7 things you should know about Lyme disease

What do singer Avril Lavigne, actor/comedian Ben Stiller, author Alice Walker and former President George W. Bush have in common? They’ve all been victims of Lyme disease.

Lavigne just performed for the first time in a year since being diagnosed with the debilitating disease caused by a bacterium, Borrelia burgdorferi, that is carried by certain ticks and is estimated to affect 300,000 people a year in the United States.

Fortunately, Florida is not among the worst places for acquiring Lyme; but still, according to the Lyme Prevention Association, more than 3 people every day contract the disease in Florida.

“As the old slogan goes, education is your best defense against Lyme disease,” says Dr. Aileen M. Marty, professor of infectious disease at the Herbert Wertheim College of Medicine.

Here are 7 basic things you should know about Lyme:

1. Ticks love tall grass and wooded areas (including city parks). Avoid these areas or wear long pants, long sleeved shirts and tuck your pants into your socks. Wear light clothing to make them easier to spot.

2. Fewer than 50 percent of people diagnosed with Lyme recall the bite. Tick nymphs (immature ticks) are particularly tiny – the size of a few grains of salt. Because they’re so small their bite is painless.

3. Get them off as quickly as possible. In most cases, the tick must be attached 36 to 48 hours or more before it can infect the host.

4. Not everyone develops the classic bull’s eye rash usually seen with Lyme. About 30 percent of people don’t get the distinctive circular rash.

5. Lyme is difficult to diagnose. Lavigne says it took doctors 8 months to figure out she had Lyme and she was bedridden for five months. Lyme has been called “the new great imitator” because it can produce symptoms that mimic a cold, arthritis, meningitis, chronic fatigue syndrome, Lou Gherig’s Disease (ALS), multiple sclerosis, Parkinson’s Disease and others. Diagnostic testing is unreliable, often yielding false positives. Also, many physicians are unfamiliar with Lyme.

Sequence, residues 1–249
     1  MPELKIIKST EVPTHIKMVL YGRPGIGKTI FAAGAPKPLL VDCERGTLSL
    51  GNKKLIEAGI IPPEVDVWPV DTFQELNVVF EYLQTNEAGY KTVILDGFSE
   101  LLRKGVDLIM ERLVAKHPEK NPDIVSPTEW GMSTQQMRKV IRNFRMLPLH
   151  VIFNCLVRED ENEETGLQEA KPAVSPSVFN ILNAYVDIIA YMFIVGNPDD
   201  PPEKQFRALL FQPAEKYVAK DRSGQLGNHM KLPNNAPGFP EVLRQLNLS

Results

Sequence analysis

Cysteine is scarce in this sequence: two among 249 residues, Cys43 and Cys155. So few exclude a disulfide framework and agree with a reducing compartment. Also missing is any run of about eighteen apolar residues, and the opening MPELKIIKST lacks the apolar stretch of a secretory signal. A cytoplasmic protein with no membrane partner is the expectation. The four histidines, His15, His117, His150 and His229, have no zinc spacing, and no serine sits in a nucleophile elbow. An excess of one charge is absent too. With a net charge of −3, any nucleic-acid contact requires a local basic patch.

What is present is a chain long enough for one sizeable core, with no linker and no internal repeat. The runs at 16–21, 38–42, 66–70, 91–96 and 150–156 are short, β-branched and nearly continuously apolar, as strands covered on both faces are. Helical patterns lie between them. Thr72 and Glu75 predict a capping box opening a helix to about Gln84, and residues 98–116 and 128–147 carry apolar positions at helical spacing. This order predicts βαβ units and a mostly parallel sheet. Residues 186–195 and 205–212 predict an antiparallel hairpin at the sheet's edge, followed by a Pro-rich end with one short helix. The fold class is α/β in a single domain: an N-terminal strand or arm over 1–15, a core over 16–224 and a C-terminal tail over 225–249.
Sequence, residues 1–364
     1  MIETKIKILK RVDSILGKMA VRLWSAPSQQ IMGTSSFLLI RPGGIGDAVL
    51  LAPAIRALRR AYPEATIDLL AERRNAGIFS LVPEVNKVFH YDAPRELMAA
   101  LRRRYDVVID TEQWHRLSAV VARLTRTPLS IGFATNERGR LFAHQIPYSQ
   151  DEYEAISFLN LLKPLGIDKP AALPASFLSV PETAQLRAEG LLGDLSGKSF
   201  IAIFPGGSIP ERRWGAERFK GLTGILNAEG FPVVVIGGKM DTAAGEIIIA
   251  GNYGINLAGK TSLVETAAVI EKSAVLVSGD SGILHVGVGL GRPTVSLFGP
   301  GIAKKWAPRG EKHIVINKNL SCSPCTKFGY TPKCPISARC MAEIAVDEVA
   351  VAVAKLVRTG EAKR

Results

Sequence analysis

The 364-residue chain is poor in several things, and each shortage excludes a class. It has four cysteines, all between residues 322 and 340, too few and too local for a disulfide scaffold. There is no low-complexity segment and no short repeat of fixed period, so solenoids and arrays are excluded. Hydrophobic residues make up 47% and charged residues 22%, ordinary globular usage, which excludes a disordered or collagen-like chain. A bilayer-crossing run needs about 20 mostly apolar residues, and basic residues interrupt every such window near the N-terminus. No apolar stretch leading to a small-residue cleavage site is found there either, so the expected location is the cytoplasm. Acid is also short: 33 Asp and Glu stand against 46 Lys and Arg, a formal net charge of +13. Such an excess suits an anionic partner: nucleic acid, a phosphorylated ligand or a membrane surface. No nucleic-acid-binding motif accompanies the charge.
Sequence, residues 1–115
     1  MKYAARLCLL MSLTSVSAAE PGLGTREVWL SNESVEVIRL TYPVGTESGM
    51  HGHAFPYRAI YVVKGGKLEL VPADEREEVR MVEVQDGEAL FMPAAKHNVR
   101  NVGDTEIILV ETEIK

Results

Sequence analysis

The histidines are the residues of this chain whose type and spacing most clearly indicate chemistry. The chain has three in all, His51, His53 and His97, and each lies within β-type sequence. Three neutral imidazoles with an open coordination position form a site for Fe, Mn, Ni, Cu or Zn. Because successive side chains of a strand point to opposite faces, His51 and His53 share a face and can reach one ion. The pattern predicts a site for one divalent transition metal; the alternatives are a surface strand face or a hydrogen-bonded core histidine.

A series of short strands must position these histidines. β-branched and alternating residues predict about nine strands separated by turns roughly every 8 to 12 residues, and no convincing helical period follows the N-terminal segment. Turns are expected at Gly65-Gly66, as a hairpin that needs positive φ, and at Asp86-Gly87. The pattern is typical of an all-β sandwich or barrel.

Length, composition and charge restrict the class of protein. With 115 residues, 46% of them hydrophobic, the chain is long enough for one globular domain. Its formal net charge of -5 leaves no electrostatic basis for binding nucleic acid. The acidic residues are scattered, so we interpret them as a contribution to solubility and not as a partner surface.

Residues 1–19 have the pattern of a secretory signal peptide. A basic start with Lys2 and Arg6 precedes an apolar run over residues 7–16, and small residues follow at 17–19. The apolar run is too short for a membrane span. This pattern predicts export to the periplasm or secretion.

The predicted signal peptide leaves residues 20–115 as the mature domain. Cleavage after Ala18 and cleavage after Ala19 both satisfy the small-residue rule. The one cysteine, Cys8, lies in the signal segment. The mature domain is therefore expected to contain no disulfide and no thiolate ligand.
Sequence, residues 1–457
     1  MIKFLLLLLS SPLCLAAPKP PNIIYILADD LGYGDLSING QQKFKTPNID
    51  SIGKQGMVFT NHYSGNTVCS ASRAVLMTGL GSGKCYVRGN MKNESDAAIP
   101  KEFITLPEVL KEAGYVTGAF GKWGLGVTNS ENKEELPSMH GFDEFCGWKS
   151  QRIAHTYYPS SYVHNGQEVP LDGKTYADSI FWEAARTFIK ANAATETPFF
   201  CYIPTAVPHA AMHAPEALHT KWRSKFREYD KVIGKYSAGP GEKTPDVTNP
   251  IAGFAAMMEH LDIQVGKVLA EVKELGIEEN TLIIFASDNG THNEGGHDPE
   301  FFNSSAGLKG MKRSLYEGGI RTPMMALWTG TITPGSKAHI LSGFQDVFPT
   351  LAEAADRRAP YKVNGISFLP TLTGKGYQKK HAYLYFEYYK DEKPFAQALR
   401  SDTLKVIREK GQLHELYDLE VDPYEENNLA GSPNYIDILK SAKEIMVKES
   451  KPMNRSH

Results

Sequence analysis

6. Early treatment is key. The good news is Lyme can be treated with antibiotics; but the sooner you’re treated, the better. Left untreated, or late treatment, can lead to chronic Lyme disease. This can cause problems like fatigue, joint and muscle pain and memory loss – for years.

7. Prevention is better than cure. If you’ve been in a wooded outdoors environment, always check yourself before leaving. It’s also not a bad excuse for a good thorough bath before going to bed. Use insect repellent, especially in places where your skin might be exposed (e.g., ankle, wrist, neck, hands); repellants with Picaridin or DEET work best, but those with oil of lemon eucalyptus are also effective. Remember to check your pets for ticks, too; the tick on your pet can become the tick on your child or on you.

In addition to Lyme disease, ticks also carry ehrlichiosis, Anaplasmosis, Rocky Mountain spotted fever, Babeisa and other diseases. Also, some ticks are known to carry more than one of these diseases, which can lead to multiple infections from one bite.

If you really want to eliminate your risk of getting Lyme, pack your bags and head south – way south. Marty says, “ticks that carry Lyme disease have been found in nearly every country in the world, except for Antarctica.”